Local talent received well deserved airtime at this years Earthcore, after financial squabbles between festival organisers, suppliers and artists lead to an astonishing pull out of key international acts in the days leading to the festival.
Setting off for Earthcore this year, ticket holders were well aware of the colossal artist drop-out from the festivals massive line-up. After Coming Soon’s social media outrage, only days before the festival, many international acts soon followed; Electric Universe, Day.Din, Nick Curly, Marc Romboy and Hatzler – just to name a few – with more than 20 major artists following the social media propaganda. Despite this exponential trend of drop outs, some key names stuck by their word for Earthcore this year including Vini Vici, JooF and Raja Ramone.
The decline of Earthcore’s internationally stacked lineup had a silver lining – a golden opportunity for local talent to put their best foot forward. Dinie and Alex of local Melbourne duo, Equilibrium, performed their debut at Earthcore this year. Alex was “massively impressed by the local DJs that really provided the bulk of the roster”. On Equilibrium’s Earthcore experience – “our set was definitely a good selection of our core sound and it was amazing to play it out on a big system” that’s Alex, “to my surprise we had loads of people dancing” and Dinie – a success amidst kaos.
Earthcore’s long history in bringing big international lineups to Australian stages, has given the festival and it’s organisers a sort of ‘get out of jail free card’ over the years. An unmissable series of financial disputes, and various online campaigns working against the festival’s success, left ticket holders wondering whether the festival would go ahead this year. While festival organisers and aggregators bickered over dollars and deals, most festival goers simply got on with it to have a good time “I ignored the negativity and had an amazing time with my crew”, says Dinie of Equilibrium.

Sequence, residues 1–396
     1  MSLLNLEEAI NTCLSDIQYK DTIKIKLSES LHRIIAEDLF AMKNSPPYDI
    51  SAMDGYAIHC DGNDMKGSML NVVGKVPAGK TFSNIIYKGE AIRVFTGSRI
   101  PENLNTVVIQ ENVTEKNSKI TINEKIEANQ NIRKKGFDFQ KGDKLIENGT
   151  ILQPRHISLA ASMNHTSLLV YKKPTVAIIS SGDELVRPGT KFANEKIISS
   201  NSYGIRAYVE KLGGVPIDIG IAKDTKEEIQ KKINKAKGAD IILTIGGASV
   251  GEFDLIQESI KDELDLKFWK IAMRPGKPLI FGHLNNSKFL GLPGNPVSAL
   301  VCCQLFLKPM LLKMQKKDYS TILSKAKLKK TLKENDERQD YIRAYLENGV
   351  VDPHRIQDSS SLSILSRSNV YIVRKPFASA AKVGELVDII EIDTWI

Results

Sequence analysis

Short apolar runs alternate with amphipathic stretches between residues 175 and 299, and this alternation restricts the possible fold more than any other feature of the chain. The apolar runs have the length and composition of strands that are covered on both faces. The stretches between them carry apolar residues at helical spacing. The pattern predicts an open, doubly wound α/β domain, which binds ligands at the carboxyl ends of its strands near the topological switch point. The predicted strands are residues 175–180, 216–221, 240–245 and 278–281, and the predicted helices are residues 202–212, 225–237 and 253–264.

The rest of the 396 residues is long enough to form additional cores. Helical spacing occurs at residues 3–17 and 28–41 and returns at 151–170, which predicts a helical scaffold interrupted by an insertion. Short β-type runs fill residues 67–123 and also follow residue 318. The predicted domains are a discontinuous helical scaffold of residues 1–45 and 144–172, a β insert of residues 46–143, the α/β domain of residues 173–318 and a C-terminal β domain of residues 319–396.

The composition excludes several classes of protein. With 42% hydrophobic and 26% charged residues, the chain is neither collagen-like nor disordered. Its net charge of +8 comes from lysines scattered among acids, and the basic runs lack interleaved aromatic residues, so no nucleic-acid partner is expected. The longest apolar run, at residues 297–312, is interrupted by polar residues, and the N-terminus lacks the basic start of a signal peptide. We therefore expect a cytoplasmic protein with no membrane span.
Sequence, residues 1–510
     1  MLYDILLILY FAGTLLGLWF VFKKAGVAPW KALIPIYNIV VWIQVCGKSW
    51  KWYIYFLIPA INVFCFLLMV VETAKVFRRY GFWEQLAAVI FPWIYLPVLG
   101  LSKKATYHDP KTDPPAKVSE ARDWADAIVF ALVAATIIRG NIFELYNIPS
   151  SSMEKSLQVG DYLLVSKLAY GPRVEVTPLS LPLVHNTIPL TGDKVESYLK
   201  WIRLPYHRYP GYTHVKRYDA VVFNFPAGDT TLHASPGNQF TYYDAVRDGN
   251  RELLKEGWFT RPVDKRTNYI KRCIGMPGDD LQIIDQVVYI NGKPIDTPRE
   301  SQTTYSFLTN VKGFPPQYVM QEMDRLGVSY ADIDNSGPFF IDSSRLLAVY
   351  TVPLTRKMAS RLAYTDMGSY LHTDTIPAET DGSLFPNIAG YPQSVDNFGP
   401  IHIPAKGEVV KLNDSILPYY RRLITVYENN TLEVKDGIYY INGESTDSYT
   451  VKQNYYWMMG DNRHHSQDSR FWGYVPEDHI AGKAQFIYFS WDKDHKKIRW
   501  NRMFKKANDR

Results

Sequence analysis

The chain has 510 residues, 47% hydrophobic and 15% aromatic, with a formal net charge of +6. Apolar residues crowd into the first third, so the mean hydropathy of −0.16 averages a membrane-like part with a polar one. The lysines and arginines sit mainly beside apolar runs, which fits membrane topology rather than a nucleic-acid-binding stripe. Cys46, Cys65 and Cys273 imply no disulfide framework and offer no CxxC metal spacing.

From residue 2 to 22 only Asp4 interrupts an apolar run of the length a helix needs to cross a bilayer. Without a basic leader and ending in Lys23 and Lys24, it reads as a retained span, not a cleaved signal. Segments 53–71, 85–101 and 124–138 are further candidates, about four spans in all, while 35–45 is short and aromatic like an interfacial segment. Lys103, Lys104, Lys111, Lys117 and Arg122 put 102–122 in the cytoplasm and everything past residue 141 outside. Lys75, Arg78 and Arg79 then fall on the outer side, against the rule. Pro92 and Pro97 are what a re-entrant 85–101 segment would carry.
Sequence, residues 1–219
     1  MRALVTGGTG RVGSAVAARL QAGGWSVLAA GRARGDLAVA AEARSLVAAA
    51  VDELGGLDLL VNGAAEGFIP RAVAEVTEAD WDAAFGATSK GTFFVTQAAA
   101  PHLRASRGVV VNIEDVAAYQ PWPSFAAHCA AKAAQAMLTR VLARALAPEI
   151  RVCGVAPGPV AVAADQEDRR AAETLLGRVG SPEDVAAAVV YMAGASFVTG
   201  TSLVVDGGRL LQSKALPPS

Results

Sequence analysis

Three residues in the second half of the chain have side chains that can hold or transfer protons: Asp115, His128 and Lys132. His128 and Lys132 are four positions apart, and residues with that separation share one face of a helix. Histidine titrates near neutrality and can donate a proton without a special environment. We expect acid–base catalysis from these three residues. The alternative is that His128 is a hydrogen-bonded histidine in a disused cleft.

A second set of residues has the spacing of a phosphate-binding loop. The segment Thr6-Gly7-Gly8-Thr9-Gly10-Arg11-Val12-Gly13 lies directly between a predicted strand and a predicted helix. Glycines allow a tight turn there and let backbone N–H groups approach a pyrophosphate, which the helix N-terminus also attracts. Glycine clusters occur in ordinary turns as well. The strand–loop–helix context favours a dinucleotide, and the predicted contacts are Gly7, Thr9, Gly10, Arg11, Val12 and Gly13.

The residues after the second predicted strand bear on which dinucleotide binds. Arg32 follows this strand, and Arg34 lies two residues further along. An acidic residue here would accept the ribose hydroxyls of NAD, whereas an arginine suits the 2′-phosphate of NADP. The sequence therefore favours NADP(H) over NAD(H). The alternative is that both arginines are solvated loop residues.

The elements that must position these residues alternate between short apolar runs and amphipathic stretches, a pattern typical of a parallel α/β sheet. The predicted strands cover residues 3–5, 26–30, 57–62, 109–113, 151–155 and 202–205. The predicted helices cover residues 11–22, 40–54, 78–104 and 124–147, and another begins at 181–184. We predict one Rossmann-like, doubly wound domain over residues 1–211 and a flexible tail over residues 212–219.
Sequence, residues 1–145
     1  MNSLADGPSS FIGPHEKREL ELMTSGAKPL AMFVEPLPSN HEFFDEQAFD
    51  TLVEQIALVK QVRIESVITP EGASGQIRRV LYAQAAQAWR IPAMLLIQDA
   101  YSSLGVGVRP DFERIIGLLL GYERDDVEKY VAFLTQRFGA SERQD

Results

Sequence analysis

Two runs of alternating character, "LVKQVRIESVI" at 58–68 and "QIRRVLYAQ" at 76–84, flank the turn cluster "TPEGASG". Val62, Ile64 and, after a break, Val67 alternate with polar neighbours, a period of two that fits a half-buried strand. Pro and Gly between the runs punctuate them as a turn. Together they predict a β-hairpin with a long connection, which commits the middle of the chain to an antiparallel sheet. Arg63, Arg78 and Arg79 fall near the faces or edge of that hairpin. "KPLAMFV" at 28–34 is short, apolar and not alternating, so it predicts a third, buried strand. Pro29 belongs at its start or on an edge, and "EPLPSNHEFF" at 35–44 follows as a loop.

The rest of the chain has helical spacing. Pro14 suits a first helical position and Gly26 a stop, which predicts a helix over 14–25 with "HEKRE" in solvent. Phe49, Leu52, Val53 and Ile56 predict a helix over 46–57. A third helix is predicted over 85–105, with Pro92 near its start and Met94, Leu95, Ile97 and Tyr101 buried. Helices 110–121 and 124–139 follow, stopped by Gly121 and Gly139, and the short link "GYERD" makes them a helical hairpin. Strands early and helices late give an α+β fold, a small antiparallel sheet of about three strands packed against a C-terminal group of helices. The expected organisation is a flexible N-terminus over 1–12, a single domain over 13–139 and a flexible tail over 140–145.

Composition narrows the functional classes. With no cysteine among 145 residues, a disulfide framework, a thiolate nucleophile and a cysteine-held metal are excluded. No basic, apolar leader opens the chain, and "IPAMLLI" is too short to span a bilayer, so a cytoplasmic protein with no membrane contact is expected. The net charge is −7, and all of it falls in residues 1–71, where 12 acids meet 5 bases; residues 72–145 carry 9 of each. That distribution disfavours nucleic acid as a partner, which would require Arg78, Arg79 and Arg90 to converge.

The Dreamland Magazine team caught up with Aviram Saharai, one part of duo Vini Vici, after his set on Sunday at the Mainstage. A Psytrance icon, Vini Vici was familiar with the Australian crowds, being his third year playing at Earthcore. Despite the drama surrounding the event Aviram made special note that he will be back next year “Australian crowd(s) (are) super cool and I love the parties here – I’ll be back next year”.
Earthcore’s charred trail of burnt bridges in the months leading to the festival led to copious late changes. Upon entering the event in Elmore, 2 hours North of Melbourne, the festival felt little like a traditional Doof. Minimal natural flora, negligible efforts in the art department and existing bathroom blocks, which though delightfully spacious, felt overtly urbanised – effectively removing the ‘bush’ from the Doof.
Whilst the festival lacked traditional Doof culture and entertainment, such as a well endowed workshops lineup, crowds were still entertained by frequent appearances across the two stages from flamethrowers, dancers and hula hoopers throughout the weekend.
It was live percussion duo, JunkStorm, however, who stole the show, offering campsite intersections round the clock live performances on their homemade, mobile drum cart “it was awesome to play in an environment that is completely suited to the type of music we play”. Made exclusively from repurposed landfill parts, such as yoghurt tubs and hubcaps, JunkStorm aesthetically bears a necessary ecological reminder of the festival footprint.
Earthcore 2017 was an end-game and deal breaker for many artists and attendees this year. The Dreamland team were impressed by the wild, brave punters who took on the heat and uncertainty at this years Earthcore. Moreover, we were inspired by the rise of local talent that stepped up amidst a quickly diminishing International lineup to make this year’s Earthcore a surprising adventure.
Words: Tori Biggs
Photo Credit: Adrien Rossignol